TOKYO — When it comes to working from home, Japan simply doesn't get it.
This is a nation where you still have to show up in person.
Japan’s work culture demands constant face-to-face interaction, partly to show respect. Employees typically are judged on the hours they put in, rather than their output. Managers don’t trust their staff to work from home, and many companies are just not set up for telework.
“My boss said it loud and clear: ‘If I allow you guys to go home, you might not be focusing on your work. Who knows? You might even be drinking,’ ” said one investment banker, who spoke on the condition of anonymity to be candid.
Clients don’t want face-to-face meetings anymore, the banker said, but his boss still thinks the team should be in the office to take their phone calls, just to show them respect.
“Otherwise, my boss says, it’s just giving clients the idea that you’re taking time off and making things easy for yourself,” the banker said. “It’s Japanese pride.”
The uniquely rigid work culture has left this country among the least prepared in the developed world to embrace the remote-working realities of the coronavirus age.
Prime Minister Shinzo Abe finally said he will declare a state of emergency on Tuesday to cover Tokyo, Osaka and other parts of the country most severely affected by the coronavirus. But he added, “We will not lock cities down as has been done overseas.”
His decision followed two weeks of surging infections in Tokyo and growing calls for much firmer government action.
Part of the reason Abe has been reluctant to act sooner and more decisively may be a realization of just how unprepared many businesses are for telework, said management consultant Rochelle Kopp.
Technology is an important factor. Despite the image of Japan as a high-tech nation, it simply is not set up for telework. Like the hare in the fable, it often feels like a country that raced headlong into the future and then in the early 1990s, when the asset price bubble burst, took a nap and let everyone else overtake it.
Japanese companies lag behind their Western counterparts in IT investment, and many are still stuck 20 years in the past, with old software and little awareness of cloud computing or video conferencing tools.
IT departments are so paranoid about protecting intellectual property and confidential client information that they allow employees to access work systems only on office computers.
Many employees do not even own laptops — partly because of the risk of losing them during after-work drinking sessions — and many don’t have WiFi at home. Even if they did, many — especially in Tokyo — would be forced to work on the dining room table in a cramped apartment.
This is a country where businesses still send faxes, and where documents have to be stamped with a seal, or hanko, dipped in ink. Even people working from home have to go into the office to get documents stamped by a manager, according to local media.
Schools have closed, but they have little or no provision for online learning.
Despite the neon lights and bullet trains, Japan’s broader corporate culture also seems stuck in the past, with widespread discrimination against women and power mostly in the hands of conservative, elderly men.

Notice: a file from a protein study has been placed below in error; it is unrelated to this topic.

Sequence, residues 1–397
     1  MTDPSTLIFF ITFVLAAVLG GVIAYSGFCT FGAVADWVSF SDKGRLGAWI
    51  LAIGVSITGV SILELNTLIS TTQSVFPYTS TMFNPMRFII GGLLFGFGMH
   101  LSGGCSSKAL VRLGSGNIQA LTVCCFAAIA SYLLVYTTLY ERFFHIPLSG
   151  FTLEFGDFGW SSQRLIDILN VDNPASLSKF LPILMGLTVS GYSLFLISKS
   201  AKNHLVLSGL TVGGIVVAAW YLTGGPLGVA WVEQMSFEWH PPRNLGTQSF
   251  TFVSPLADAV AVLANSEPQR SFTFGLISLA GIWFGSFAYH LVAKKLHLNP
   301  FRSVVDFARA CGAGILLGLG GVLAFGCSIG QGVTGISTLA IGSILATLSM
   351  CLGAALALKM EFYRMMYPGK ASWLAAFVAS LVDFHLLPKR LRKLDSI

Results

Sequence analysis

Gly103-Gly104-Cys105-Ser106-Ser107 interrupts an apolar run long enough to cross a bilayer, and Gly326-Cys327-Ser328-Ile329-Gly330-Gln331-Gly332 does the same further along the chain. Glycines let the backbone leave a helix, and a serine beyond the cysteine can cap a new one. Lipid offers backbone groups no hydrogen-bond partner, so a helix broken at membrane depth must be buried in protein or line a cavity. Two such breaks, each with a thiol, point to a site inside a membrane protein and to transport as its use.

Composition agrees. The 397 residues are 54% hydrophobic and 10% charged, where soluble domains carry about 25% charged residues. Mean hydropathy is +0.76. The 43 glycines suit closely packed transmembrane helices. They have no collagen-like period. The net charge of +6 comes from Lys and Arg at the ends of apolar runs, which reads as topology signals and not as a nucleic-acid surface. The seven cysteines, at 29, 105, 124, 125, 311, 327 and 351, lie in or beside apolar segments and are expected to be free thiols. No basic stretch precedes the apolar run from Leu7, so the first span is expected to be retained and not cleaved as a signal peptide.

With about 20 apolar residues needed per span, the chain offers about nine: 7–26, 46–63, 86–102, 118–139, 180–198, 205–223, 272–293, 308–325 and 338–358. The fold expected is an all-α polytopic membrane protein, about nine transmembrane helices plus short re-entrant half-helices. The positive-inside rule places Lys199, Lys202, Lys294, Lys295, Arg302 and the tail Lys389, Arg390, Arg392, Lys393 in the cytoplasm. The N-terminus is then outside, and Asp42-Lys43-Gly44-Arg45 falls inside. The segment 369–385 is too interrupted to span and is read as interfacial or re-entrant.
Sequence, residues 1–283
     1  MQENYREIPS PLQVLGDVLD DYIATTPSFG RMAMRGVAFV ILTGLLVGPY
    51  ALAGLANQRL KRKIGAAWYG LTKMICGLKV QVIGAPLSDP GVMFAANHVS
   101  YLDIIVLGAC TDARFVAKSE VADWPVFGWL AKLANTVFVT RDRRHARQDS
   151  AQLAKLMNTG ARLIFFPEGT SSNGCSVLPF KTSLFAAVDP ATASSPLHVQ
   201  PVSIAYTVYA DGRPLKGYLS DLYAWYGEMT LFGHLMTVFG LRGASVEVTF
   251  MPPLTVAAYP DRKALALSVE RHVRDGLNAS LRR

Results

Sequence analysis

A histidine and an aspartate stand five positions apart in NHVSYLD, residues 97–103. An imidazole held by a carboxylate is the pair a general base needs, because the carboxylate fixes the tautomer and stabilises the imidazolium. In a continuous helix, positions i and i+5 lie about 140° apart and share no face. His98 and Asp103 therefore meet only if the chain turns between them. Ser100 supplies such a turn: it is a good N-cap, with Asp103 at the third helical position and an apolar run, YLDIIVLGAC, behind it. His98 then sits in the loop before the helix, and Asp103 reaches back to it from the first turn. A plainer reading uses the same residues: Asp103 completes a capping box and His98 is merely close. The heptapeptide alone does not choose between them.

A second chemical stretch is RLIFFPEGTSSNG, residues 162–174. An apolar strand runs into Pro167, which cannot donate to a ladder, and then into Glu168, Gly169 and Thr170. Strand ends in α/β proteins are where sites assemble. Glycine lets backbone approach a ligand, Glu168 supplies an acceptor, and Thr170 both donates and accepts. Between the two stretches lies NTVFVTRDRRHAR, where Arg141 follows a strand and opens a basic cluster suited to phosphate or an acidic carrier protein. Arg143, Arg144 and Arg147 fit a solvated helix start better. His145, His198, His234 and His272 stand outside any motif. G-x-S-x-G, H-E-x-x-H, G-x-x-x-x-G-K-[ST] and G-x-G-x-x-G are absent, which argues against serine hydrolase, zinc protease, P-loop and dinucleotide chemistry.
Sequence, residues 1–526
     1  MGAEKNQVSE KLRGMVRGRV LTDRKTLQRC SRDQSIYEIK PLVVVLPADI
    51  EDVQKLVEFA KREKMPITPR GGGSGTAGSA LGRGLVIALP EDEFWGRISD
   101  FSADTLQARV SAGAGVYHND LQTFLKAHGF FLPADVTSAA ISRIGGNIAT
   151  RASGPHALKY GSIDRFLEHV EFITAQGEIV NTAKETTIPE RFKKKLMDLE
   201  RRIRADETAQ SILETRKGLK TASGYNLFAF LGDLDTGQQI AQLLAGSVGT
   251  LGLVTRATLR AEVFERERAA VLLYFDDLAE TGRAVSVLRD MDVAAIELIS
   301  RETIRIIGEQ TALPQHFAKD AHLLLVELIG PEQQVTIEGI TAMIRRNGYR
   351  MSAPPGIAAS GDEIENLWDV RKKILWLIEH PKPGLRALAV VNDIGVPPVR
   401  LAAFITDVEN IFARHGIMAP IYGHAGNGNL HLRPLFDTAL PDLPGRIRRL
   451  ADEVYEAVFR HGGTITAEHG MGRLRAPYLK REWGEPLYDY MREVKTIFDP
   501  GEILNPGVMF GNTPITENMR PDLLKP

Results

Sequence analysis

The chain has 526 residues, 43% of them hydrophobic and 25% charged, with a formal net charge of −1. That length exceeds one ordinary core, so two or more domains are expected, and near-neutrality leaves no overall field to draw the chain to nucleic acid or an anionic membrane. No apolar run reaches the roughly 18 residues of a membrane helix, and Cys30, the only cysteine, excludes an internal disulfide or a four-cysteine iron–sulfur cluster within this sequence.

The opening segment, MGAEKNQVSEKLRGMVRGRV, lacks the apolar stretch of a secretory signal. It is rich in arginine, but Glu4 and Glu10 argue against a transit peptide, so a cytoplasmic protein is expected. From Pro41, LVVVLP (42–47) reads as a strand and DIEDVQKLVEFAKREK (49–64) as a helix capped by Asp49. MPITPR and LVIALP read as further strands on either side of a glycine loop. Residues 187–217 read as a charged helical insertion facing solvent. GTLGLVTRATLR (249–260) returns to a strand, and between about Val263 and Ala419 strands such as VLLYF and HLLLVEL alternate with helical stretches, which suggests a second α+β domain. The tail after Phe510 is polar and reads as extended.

That culture might explain why, according to media reports, one salaryman has to wear a shirt, tie and office lanyard while working at his kitchen table or why one woman had to defy the government’s request to stay home last weekend because she needed a new suit — to wear while working at home.
Meanwhile, the government repeatedly summons journalists to reinforce its anti-virus message — that people should avoid crowded, poorly ventilated spaces where strangers converse for extended periods — at news conferences that clearly violate all those conditions.
Despite repeated entreaties, journalists have been told, the Ministry of Health, Labor and Welfare “has no plans to live-stream this news conference.”
Japanese work culture is based on a concept known as ho-ren-sou, an acronym for report-inform-consult. Rather than being given discrete tasks and the autonomy to execute them, subordinates are expected to consult with managers every step of the way.
That is harder when they are not in the same location.
Job descriptions tend to be vague, and there is a premium on teamwork over individuality. That is one reason employees tend to be judged on the hours they put in — it is tougher to evaluate what they produce when everything is a collaboration.
Some of these differences are not necessarily any worse than Western ways of working. But Kopp, who advises Western and Japanese companies on how to bridge the cultural divide, said many are long-standing problems that the coronavirus — and the demand to work from home — have exposed: “It looks like when the tide goes out — and leaves all the junk on the beach.”
If a lockdown comes, she said, some companies are ready, and some will adapt. But others could simply close down operations, she said, with employers forcing staff to take vacations or unpaid leave.
Until then, though, many are simply behaving as if nothing has changed.
“My boss went for drinks with my colleagues twice last week,” the banker said. “He likes drinking a lot; he likes to take out others and talk about work. I don’t have any issue with that. But my point is, if you’re going to tell me, ‘Do this, do that,’ and be strict on certain things, then why don’t you be strict on yourself?”